Several physical and mathematical ideas factor into building a geodesic dome. For example, a con-vexly curved surface is stronger than a flat one, most materials are stronger in tension than in compression, and the most rigid structure is a triangle. A hemisphere encloses the most space with the least amount of material while the tetrahedron encloses the least volume with the most surface. These principles make geodesic domes the strongest, lightest, most energy efficient buildings ever devised.
Geodesic domes are efficient structures in several ways. The triangle is a very stable shape; for example, a force applied to the corner of a rectangle can deform it into a parallelogram, but the same force will not deform a triangle. This makes geodesic dome buildings highly resistant to such forces as snow coverings, earthquakes, wind, and even tornadoes. The surface area of a geodesic dome is only 38% of the surface area of a box-shaped building enclosing the same floor space. There is less surface exposed to outdoor temperature fluctuations, making the building cheaper to heat and cool than a rectilinear structure. Geodesic domes can be constructed quickly without heavy equipment. Using prefabricated components, it takes just a few people to erect the dome for a 2,000-sq ft (185-sq m) home in 10 hours or less.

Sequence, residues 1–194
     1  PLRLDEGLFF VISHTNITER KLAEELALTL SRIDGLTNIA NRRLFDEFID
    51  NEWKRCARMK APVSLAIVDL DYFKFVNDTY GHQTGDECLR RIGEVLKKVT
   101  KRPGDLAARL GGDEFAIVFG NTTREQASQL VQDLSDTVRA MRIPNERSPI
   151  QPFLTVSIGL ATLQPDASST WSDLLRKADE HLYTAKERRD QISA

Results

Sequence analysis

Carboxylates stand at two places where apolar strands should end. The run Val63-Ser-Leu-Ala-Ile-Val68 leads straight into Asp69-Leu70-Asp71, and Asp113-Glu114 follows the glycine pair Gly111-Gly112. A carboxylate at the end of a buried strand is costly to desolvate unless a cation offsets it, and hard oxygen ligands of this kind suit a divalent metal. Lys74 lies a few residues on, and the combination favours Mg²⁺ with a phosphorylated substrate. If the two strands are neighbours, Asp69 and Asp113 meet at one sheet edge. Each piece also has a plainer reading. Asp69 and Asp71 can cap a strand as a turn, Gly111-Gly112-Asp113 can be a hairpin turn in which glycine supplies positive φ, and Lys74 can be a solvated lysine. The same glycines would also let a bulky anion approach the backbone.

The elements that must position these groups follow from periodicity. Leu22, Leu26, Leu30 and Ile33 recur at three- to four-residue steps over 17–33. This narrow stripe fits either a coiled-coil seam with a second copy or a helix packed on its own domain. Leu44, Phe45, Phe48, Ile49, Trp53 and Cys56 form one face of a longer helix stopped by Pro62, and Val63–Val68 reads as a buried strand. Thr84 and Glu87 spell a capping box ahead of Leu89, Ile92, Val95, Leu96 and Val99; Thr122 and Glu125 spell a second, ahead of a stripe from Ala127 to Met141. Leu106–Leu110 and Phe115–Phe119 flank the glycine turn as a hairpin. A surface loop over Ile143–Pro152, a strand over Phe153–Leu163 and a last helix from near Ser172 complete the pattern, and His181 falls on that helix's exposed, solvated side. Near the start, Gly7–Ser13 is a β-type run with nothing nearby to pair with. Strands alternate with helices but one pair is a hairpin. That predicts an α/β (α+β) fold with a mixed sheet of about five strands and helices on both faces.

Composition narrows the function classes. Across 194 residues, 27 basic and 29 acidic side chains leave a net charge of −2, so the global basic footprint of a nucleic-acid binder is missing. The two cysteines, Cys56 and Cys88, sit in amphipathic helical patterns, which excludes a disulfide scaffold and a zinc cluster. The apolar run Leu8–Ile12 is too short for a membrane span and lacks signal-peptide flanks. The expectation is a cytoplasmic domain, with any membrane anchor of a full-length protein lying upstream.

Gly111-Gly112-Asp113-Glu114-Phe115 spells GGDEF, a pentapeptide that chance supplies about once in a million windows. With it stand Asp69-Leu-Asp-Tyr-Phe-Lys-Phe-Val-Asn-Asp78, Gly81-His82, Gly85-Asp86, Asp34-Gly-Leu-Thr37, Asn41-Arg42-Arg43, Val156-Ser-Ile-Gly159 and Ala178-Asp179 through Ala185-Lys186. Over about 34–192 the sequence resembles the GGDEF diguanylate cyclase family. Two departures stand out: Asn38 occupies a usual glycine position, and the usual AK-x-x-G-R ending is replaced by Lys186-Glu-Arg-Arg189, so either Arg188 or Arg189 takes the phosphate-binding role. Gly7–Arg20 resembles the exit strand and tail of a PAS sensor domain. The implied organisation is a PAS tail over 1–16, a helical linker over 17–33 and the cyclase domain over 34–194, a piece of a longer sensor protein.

A geometric dome supports itself without needing internal columns or interior load-bearing walls. This property makes such structures appealing for use as churches, sports arenas, and exhibition halls. The aesthetic appeal of lofty ceilings makes them attractive as homes, and full or partial second-story floors are easily suspended halfway up the enclosure without any support other than attachment to the dome itself.